School is expensive. Thankfully, there are a few deductions and credits to help offset these costs for schooling at some levels.
There's help for preschool for working parents, donations to education foundations, college, and education for disabled students. There isn't a lot of help directly for private elementary through high school education, but some planning can provide a bit of help. Presumably, Congress wants you to rely on public schools.
If both parents work (or a single parent works), preschool can be treated as dependent day care. See my post below related to dependent day care. Take advantage of dependent care pre-tax programs through your work if available, as well as the dependent care credit.
You can claim up to 4 years of the American Opportunity Credit per student, worth $2500 per year. Parents may claim it for dependent students - but there is a phaseout and it caps at $180,000 per year. If you are beyond year 4 or in grad school, the Lifetime Learning credit is available to you. This is worth $2000 per year, but there is a lower phaseout, capping at $124,000. Only tuition and fees are used for the Lifetime Learning Credit, but books and other expenses (not room and board) are available for the American Opportunity Credit.
529 Plans may be the best tax-advantaged way to save for college. They work similar to Roth IRAs - there is no tax break for putting money into a 529, but you pay no tax on the earnings as long as the money is used for college. There is a provision to gift 5 years worth of 529 contributions at once.
Elementary through High School
My daughter is heading off to a public elementary school. Unfortunately, our school system is not funded well enough to provide some of the basics, like PE, music, or art. A foundation has been set up to solicit donations to cover these programs. This foundation is a 501(c)3 nonprofit, therefore my donations to the foundation are deductible.
Special needs education is deductible if it meets certain tests. The primary purpose of attending the school must be to alleviate the handicap through the school's resources. There are a few other requirements as well. Lodging, meals, transportation, and tuition would all fall as a medical deduction (subject to either a 10% or 7.5% AGI floor).
Private education is generally not deductible. There are a few tax-advantaged opportunities which may indirectly help.
If a person other than a parent is funding the tuition, that person can pay the tuition directly to the school and avoid gift tax limits. UTMA accounts have some benefit for funding private education as well. UTMA accounts are simply accounts in your child's name, but the person setting up the account can control the money until age 18 (in California). There's no specific tax break to UTMA accounts, but they take advantage of the fact that the first $1000 in unearned income per year is tax-free. So, if you were going to invest an amount which will earn less than 1000 per year, you would get some savings with an UTMA. This of course may be a drop in the bucket for private education costs.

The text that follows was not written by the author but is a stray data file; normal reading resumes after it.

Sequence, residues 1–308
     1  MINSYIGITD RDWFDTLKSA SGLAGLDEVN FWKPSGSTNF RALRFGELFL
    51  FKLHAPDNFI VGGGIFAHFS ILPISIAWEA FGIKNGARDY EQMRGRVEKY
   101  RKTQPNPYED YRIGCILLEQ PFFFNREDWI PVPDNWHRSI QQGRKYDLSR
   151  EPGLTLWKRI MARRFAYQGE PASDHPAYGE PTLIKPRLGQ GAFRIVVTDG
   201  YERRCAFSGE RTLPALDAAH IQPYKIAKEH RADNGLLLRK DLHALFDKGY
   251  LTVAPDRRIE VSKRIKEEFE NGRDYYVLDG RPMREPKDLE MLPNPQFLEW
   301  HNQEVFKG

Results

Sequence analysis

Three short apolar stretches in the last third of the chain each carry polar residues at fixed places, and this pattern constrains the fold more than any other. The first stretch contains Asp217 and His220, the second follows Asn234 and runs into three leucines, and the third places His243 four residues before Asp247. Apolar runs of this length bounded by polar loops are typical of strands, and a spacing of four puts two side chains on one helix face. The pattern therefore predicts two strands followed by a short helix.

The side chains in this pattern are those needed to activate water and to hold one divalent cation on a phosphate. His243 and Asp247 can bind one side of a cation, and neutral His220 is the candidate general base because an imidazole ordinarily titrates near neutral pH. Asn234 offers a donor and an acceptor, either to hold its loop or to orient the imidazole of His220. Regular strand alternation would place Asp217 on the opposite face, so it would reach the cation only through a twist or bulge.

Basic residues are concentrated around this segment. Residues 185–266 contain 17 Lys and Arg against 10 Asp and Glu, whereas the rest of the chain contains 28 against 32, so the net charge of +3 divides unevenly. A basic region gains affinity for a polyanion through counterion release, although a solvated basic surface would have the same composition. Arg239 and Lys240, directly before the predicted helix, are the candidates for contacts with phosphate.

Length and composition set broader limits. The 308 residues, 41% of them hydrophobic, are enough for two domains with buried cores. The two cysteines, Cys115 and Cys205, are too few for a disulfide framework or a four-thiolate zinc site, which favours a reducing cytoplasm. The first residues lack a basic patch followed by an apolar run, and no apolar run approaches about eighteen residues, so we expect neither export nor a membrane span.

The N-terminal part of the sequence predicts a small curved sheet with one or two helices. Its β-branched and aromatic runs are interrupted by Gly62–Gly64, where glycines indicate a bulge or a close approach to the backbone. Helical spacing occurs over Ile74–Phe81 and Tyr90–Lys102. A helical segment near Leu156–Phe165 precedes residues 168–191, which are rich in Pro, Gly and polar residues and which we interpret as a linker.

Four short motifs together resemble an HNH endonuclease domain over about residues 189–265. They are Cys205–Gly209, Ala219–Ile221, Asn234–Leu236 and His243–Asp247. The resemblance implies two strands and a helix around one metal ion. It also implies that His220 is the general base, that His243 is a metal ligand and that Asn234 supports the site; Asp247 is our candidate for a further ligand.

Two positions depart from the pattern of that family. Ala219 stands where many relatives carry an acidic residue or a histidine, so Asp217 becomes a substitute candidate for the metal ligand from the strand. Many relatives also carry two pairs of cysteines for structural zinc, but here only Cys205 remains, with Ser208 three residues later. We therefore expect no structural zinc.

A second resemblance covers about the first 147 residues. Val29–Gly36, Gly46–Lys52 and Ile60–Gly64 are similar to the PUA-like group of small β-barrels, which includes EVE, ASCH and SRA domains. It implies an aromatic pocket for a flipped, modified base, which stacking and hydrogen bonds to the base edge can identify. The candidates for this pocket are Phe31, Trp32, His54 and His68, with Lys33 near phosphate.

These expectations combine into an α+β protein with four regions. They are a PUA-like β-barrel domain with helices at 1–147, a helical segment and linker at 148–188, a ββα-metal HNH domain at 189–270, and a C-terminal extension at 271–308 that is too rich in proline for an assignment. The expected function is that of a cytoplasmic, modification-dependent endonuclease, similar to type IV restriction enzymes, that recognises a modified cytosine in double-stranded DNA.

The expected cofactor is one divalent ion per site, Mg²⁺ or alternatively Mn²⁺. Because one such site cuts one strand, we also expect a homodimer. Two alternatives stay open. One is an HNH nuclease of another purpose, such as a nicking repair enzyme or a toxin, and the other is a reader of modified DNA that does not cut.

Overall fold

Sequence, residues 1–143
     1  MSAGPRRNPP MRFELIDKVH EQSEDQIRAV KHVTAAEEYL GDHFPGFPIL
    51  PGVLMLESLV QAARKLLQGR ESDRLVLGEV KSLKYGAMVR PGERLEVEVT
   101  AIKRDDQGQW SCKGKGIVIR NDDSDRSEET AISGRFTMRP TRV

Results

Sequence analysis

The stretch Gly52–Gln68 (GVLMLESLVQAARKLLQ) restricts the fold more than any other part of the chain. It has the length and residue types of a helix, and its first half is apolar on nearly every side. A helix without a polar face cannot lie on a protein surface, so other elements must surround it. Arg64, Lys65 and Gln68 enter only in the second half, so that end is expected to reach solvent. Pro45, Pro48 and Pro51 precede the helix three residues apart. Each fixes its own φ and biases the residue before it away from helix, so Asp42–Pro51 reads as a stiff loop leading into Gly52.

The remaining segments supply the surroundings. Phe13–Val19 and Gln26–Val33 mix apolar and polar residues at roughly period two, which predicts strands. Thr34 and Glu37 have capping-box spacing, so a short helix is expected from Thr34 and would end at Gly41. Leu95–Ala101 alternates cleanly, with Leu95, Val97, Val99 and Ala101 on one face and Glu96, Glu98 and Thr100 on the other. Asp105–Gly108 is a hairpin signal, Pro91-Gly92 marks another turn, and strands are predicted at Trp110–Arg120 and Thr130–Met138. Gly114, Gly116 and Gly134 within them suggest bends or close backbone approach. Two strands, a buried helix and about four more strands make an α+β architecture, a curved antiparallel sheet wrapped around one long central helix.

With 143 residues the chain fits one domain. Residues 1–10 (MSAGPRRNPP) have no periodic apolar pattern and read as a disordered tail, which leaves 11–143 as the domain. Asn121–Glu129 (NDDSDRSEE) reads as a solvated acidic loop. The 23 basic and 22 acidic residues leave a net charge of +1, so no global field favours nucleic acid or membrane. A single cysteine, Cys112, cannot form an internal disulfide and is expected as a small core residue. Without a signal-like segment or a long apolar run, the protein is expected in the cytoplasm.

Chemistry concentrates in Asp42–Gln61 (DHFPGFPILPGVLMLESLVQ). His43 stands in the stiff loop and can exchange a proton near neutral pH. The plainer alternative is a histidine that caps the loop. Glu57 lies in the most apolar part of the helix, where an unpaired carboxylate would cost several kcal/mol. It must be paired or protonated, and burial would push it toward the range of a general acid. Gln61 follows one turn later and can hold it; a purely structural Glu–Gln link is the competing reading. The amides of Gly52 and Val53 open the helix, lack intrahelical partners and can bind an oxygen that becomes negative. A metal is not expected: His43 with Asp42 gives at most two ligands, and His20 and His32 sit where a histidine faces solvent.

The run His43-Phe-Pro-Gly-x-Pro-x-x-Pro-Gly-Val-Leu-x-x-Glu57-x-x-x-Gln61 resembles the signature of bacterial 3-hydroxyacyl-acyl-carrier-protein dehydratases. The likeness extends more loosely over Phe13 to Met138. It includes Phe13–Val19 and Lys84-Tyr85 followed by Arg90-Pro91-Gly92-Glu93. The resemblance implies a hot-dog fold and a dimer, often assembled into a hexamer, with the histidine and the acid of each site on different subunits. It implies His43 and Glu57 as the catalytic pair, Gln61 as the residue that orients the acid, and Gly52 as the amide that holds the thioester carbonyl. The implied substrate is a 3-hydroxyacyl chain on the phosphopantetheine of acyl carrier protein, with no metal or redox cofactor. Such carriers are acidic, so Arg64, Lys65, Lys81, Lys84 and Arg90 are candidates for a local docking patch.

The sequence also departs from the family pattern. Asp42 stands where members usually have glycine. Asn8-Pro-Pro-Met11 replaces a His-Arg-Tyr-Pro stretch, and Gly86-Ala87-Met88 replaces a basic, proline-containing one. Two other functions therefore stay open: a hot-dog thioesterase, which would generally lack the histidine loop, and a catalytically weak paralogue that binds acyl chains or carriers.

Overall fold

As always, email me if you have any questions on these topics.
I'm Hiring a Nanny (a nurse, a gardener, a maid...) do I need to give them a W-2 and withhold taxes?
There are specific rules regarding whether a 1099 or a W-2 is needed, and it often comes down to the level of control you have over the individual. You to use the following factors to determine whether you have hired an employee or independent contractor.
Its often not clear cut - but nannies are often employees when you add it all up. Gardeners, not so much.
Why does it matter? Payroll taxes are expensive, and the cost of running payroll is expensive too. You can handle it yourself, but most end up using a payroll service. In addition to payroll and taxes, there are additional compliance concerns.
Household Payroll Procedures
Federal household payroll taxes are handled on your income tax return, but you will need to handle the state taxes separately (or through a service). If you pay $1900 in a year, or $1000 a quarter, you will file Schedule H with your 1040. On this schedule, you report Social Security (12.4%), Medicare (2.9%), and FUTA (0.6% of the first 7k). You can withhold half of the social security and medicare from the nanny pay, however, if you agreed with the nanny on a flat amount, you may end up paying the full amount of payroll tax yourself, raising the cost more than 15%.
For California, the threshold is $750 a quarter. If you pay more than $20,000 a year, you move from annual reporting to quarterly reporting. There are specific payroll tax forms for California. The state taxes aren't high, but there are several of them (SDI, UI, ETT).
If you determine that you are hiring an employee, I'd recommend that you contact a payroll service to help you with the paperwork.